JP: Yeah, we did a two, two and a half week thing in Europe -- but that was only really Holland and Belgium, so that was definitely the only tour that we ever got on. That was the only time that Earache was willing to put any money into promotion or any thing. Basically, the distributor at the time, Relativity, didn't even let the clubs know that we were playing so it was a big waste of time. I mean, we had a great time and it was really fun but we lost them a lot of money.

M: So that was theonly time I ever would have had the chance to see you play in California, I guess, right?
JP: Yeah, we probably played about 3 or 4 shows in California. You probably just didn't even hear about it.

M: Yeah, I know you guys played at the Bottom of the Hill (Nightbreak?) in San Francisco. I think it was '91 with the Young Gods.
JP: Yeah, that was a pretty wild show...

M: I want to switch topics because I guess around that era, when did you start doing more of your solo ambient type work? Had you just been jamming with it for a long time?
JP: Yeah, but I never really started taking it seriously until probably around the Lo Flux Tube era. I mean, I'd always screwed around and taped stuff but I never really concentrated on making higher quality stuff because I just wasn't really interested in releasing any of that type of stuff. Even to this day, I still haven't really released most of the stuff I've done just because of lack of label interest. And basically labels don't sell a lot of that type of stuff so they don't want to put too muchrisk into releasing stuff like that.

M: But I think nowadays, there's actually more label interest. It's looking up, right?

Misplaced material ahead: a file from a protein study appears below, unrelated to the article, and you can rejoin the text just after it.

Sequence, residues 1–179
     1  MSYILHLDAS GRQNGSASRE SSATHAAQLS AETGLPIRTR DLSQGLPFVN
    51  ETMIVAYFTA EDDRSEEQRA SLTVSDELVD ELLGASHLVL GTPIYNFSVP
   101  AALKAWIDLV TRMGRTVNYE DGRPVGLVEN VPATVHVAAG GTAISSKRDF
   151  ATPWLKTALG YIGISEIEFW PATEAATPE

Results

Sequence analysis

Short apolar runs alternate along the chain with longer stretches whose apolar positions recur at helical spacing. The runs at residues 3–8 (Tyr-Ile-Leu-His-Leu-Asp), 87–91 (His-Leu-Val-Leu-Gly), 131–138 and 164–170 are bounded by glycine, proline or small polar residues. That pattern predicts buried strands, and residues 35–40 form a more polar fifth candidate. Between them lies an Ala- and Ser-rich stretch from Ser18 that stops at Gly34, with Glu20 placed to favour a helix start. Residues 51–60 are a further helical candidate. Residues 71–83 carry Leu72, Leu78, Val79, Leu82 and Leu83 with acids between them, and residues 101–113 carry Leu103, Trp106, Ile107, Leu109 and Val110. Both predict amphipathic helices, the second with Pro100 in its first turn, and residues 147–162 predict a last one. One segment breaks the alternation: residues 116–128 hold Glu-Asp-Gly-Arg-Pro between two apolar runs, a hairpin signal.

JP: Yeah, definitely. It's definitely picking up. The funny thing is that it's picking up in America a lot too, which is something that...

M: doesn't usually happen.
JP: Yeah, I would figure that stuff would kind of bloom in Europe but it doesn't seem to have done much movement over there. I don't know, it seems like the Americans are picking up a lot on that type of stuff.

M: That seems like a first, definitely.
JP: Hey, I wouldn't complain, you know. There's not too much good music that comes out of America.

M: I guess you have a point there. Was the first solo stuff you did the Swimming Against 7" or was it the stuff with (K.K.) Null or something else?
JP: The collaboration with Null was done first, I think. That was like January '93, maybe. Something like that.

M: So that was before "The Musical Dimensions of Sleastak", wasn't it?
JP: Yeah, I think it was. I definitely started recording it before "Sleastak". I don't know if it came out before or after but it was definitely around that time, yeah.

M: So how did you get hooked up with Null?